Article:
Hólar í Hjaltadal usually referred to as simply "Hólar", a site of historical buildings and archeological excavation, played a significant role in Iceland's history from the twelfth century until the eighteenth. After the Icelanders had converted to Christianity, Hólar became the Episcopal see in the north with Skálholt serving the same function in the south. Still, Hólar didn't become a diocese until 1106.

During the next seven centuries, it was one of Iceland's two main cultural and educational centers. There was a monastery on the premises, where monks produce manuscripts and transcripts. The first printing press in Iceland was set up in Hólar in 1530.

Such a center would always be highly political in a medieval society, which became quite apparent in 1550. Jón Arason was the last presiding bishop at Hólar. He defended his church and his faith through a fierce conflict. The conflict ended when Arason was arrested and transported to Skálholt. There he was beheaded along with his two sons who both were Catholic priests.

Ever since Arason's time there has been a church in Hólar. In 1759-63, the present Baroque style church was built in Hólar. It is the second-oldest building in Iceland.  The main altarpiece, with its ornate carvings, originated in Germany around 1500 and was, ironically, donated to the church by Arason.

In 1882, an Agricultural College was founded at Hólar. It was rename  Hólar University College in 2003. Hólar is also home to the Center for the History of the Icelandic horse.

Below is the location of Hólar í Hjaltadal on the map of Iceland

After the Icelanders had converted to Christianity, Hólar became the Episcopal see in the north with Skálholt serving the same function in the south.

The huge statue of Bárður Snæfellsás that is so noticeable when you drive into the small village or hamlet Arnarstapi was made by Ragnar Kjartansson one of Iceland most renowned sculptures.  The statue is his interpretation of the giant character that dominates the area around Snæfellsjökull glacier.

Bárður the half man half troll

Bárður is an extraordinary being from the time of settlement in Iceland.  His story was written in Medieval times in the fifteenth century and is part of the Icelandic Sagas.  His mother was one of the tallest and most beautiful women in her days, but his father Dumbur was a half-giant or a half-troll. Bárður was also considered extremely handsome with a large presence.  In his youth, he was fostered by Dofri, the mountain-dweller, of Dovrefjell in Norway and received an excellent education and training. Bárður married Dorfi's daughter Flaumgerður and had three tall and beautiful daughters by her. Like he, she also had a human mother. After she had passed away he married Herþrúður his second wife who was human; he had six more daughters by her.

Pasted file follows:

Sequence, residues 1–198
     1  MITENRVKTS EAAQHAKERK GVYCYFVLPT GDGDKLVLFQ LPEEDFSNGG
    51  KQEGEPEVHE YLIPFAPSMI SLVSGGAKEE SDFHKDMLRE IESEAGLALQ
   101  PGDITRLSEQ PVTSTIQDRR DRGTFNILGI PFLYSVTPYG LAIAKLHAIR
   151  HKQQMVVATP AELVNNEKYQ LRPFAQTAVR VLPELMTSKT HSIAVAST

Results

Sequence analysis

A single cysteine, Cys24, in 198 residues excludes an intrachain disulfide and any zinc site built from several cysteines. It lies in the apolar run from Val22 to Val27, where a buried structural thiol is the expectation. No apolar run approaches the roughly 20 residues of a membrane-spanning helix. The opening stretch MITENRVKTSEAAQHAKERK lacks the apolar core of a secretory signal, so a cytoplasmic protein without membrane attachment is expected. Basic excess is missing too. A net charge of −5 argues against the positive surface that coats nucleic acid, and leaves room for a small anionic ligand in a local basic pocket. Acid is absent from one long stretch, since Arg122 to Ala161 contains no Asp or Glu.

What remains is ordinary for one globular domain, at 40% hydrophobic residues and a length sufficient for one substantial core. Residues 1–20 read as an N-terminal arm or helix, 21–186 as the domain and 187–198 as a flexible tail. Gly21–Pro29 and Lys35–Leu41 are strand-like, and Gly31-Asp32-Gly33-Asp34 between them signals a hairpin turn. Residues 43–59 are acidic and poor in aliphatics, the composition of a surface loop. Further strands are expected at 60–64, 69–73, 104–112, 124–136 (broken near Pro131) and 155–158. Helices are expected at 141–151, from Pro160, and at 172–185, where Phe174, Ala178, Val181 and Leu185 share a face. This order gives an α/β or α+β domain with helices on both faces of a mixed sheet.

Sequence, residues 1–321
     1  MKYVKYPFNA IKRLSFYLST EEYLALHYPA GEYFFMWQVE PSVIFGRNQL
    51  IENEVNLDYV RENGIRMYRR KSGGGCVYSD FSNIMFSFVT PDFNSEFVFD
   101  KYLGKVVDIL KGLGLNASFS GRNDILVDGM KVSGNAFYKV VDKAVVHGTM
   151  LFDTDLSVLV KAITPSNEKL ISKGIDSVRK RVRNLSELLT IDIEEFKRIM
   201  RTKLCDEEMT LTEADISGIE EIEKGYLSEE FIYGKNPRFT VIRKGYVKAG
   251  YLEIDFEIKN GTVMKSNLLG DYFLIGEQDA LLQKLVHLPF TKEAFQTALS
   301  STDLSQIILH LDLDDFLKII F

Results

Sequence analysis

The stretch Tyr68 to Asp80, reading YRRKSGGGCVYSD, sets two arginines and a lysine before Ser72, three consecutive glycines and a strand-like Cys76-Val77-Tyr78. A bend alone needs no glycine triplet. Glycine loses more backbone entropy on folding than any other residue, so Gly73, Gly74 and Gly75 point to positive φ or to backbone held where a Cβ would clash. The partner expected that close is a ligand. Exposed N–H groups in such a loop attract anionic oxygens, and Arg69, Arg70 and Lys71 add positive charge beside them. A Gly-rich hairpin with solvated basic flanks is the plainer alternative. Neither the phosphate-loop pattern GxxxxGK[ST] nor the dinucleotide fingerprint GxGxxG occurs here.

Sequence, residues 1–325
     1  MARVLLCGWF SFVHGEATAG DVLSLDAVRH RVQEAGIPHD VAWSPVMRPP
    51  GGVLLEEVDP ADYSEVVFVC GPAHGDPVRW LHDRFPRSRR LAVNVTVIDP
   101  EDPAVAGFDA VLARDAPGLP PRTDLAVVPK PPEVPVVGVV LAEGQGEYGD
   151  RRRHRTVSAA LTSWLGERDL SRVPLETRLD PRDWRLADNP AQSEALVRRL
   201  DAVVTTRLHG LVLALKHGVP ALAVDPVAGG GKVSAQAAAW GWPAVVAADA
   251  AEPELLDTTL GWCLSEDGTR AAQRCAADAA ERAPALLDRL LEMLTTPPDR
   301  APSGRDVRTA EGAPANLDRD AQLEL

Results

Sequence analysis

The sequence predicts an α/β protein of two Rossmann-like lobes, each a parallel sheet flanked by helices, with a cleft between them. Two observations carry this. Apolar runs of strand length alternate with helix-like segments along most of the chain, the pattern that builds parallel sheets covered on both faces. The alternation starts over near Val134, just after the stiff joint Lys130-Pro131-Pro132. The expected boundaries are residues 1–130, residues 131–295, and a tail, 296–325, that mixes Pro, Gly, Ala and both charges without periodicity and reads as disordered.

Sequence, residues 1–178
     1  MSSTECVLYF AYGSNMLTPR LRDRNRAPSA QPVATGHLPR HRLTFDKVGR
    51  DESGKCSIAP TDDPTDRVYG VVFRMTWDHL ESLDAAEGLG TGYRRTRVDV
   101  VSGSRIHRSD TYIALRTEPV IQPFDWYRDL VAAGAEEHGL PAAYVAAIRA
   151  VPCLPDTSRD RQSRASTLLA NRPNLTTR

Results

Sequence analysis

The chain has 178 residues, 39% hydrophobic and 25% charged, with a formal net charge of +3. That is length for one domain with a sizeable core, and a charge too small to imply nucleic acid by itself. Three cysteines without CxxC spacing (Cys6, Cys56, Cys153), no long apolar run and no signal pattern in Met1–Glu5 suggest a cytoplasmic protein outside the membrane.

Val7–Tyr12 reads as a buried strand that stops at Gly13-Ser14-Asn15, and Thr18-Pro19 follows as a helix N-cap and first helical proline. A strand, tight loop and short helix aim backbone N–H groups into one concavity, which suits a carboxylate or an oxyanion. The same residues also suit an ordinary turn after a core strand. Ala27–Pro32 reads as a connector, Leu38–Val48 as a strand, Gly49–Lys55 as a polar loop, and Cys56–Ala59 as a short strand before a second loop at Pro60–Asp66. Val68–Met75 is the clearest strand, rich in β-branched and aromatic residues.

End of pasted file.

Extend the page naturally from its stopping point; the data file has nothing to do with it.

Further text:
Settled in Iceland after fleeing tyranny of Harald king in Norway

Along with his wife and daughters and some friends, Bárður emigrated to Iceland and settled at Djúpalón on the south coast of the Snæfellsnes Peninsula. Bárður's half brother Þorkell also emigrated with his family and settled at Arnarstapi. They were fleeing the tyranny of Harald, the king of Norway. His brother Þorkell had two sons, Sölvi, and Rauðfeldur. 

Driven to madness because of a prank

Following an altercation after a rather dangerous prank played on Bárður's daughters by the half-brother's sons, Bárður was provoked to a point of uncontrollable anger. An event that made him extremely depressed and totally loose his mind in the end.  Finally, he gave away all his land and all his earthly belongings and vanished into the Snæfellsnes Glacier. In the glacier, rumor has it, that he built an ice cave more in line with his troll or giant side.  There, he became known as the Guardian Spirit of Snæfell as the locals worshiped him and looked at him as their savior. For centuries, they would call upon him in times of hardship and trouble. Bárður wandered the region wrapped in a gray cowl held together by a walrus-hide rope. In his hand was a cleft staff with a long and thick gaff for mounting the glacier.

A very true story although sounds like a fantasy

Bárður's cave is still in situ, and his story is a timeless, fantastic read. It is, of course, a true story written about events that occurred in Iceland more than eleven hundred years ago, written about six hundred yers ago. Many names of many places in the area around Snæfellsjökull glacier are related to Bárður Snæfellsás and his story. 


Below is the location of Bárðarlaug on the map of Iceland

Bárður is an extraordinary being from the Icelandic Medieval Sagas.